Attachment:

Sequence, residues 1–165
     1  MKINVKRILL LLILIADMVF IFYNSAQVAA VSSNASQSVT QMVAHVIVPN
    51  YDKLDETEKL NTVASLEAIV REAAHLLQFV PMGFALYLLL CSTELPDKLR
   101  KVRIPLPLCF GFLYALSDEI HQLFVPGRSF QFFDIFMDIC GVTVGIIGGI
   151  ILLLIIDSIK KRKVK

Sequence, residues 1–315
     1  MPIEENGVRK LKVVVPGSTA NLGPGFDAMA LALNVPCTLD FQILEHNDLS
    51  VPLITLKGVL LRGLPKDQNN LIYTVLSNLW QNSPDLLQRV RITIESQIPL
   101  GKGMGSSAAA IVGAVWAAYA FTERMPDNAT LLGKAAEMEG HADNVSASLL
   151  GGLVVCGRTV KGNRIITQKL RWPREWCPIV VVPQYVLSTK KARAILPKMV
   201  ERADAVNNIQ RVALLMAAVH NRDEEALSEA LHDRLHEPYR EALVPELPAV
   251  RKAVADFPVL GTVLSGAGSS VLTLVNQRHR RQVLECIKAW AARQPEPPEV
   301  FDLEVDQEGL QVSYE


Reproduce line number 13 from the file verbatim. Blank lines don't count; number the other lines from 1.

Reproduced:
   301  FDLEVDQEGL QVSYE